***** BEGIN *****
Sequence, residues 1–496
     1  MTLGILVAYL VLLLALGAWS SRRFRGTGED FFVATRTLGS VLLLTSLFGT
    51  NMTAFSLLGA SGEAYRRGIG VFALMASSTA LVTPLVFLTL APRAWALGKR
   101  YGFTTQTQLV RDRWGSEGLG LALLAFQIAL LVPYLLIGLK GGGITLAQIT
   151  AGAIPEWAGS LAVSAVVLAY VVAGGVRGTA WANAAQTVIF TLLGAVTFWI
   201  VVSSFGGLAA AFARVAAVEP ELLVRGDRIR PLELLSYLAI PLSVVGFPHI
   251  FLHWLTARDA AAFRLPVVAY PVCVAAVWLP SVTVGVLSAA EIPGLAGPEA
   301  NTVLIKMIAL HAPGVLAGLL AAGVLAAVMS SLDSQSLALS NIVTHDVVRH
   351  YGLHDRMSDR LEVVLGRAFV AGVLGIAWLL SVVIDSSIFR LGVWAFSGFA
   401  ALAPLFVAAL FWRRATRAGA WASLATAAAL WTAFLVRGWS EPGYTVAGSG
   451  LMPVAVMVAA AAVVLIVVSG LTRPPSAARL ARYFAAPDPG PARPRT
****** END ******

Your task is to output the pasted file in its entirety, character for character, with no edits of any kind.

Sequence, residues 1–496
     1  MTLGILVAYL VLLLALGAWS SRRFRGTGED FFVATRTLGS VLLLTSLFGT
    51  NMTAFSLLGA SGEAYRRGIG VFALMASSTA LVTPLVFLTL APRAWALGKR
   101  YGFTTQTQLV RDRWGSEGLG LALLAFQIAL LVPYLLIGLK GGGITLAQIT
   151  AGAIPEWAGS LAVSAVVLAY VVAGGVRGTA WANAAQTVIF TLLGAVTFWI
   201  VVSSFGGLAA AFARVAAVEP ELLVRGDRIR PLELLSYLAI PLSVVGFPHI
   251  FLHWLTARDA AAFRLPVVAY PVCVAAVWLP SVTVGVLSAA EIPGLAGPEA
   301  NTVLIKMIAL HAPGVLAGLL AAGVLAAVMS SLDSQSLALS NIVTHDVVRH
   351  YGLHDRMSDR LEVVLGRAFV AGVLGIAWLL SVVIDSSIFR LGVWAFSGFA
   401  ALAPLFVAAL FWRRATRAGA WASLATAAAL WTAFLVRGWS EPGYTVAGSG
   451  LMPVAVMVAA AAVVLIVVSG LTRPPSAARL ARYFAAPDPG PARPRT